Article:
Talking about the ongoing wave of the exodus of Nigerian professionals abroad, The PUNCH reportedly recently that no fewer than 7,256 trained nurses in Nigeria relocated to the UK between March 2021 and March 2022. In the same vein, The PUNCH also reported that at least 6,068 Nigeria-trained medical doctors relocated to the UK in the last couple of years. Please note that these figures pertain only to the United Kingdom and do not speak to the swelling number of Nigerian professionals in countries like Saudi Arabia, the United Arab Emirates, US, Canada and several European countries. The latest wave of absconding Nigerian professionals relates to those in the Information Technology sector working in the banks as well as independent software operators running businesses in Nigeria. Banks like Zenith and Guaranty Trust suddenly woke up to see that some of their best IT hands have relocated to the UK and other countries. According to Legit.ng (August 1, 2022), more than 500 tech engineers have said bye to Nigerian shores and left mostly for Canada and other European countries since the beginning of this year. That is not all. Over 1,000 key banking staff in many banks have deserted their jobs to take mouth-watering offers abroad in the last couple of months.

Needless to say that this depressing narrative is a reality check of sorts for those who trumpet that the current administration is the best thing ever that happened to this country. True, and as mentioned previously, there will always be push and pull factors when it comes to skilled professionals getting jobs outside their countries. What is unique is that increasingly Nigeria has become a target for many countries around the world as a source of labour because life has become nastier, more brutish and shorter for the majority of Nigerians such that those who have options have chosen to exercise those options abroad. Needless to say that partly because of the prolonged strike of the Academic Staff Union of Universities, itself occasioned by governmental dilly-dallying and the backwater position of Nigerian universities, there has been a dramatic increase in the number of Nigerians rummaging for overseas universities to study.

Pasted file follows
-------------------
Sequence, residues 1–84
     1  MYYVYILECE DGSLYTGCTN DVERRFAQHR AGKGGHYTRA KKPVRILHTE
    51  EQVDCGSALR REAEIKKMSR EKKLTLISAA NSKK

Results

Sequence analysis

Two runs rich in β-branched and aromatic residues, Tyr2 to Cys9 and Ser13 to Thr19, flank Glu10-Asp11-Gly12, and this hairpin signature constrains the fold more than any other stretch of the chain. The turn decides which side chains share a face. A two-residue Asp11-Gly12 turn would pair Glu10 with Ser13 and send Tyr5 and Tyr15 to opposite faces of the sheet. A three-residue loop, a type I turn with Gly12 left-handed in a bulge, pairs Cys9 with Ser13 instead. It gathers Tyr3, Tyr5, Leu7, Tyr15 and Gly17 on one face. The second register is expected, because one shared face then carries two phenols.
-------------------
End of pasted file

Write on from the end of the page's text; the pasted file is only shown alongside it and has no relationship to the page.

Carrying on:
In spite of the current anomaly of an increasing number of Nigerians voting with their feet, all hope is not lost. Ghana and Rwanda are examples of African countries that bounced back from deathbed circumstances to find a place, not just on the continental but on the global map. If and when things return to normalcy, regarding good governance, there is nothing stopping Nigerians who have emigrated from returning home in droves. Normalcy, in this sense, will include drastic curtailing of rampaging insecurity, return of the naira to respectability, ending the ASUU strike-through proper funding of tertiary education as well as putting a human face to the current inflationary spiral which has turned many Nigerians into beggars.
Seeking to score points or sidestep the malaise will only worsen matters. Hopefully, the incoming government will see the lurking danger and do something about it.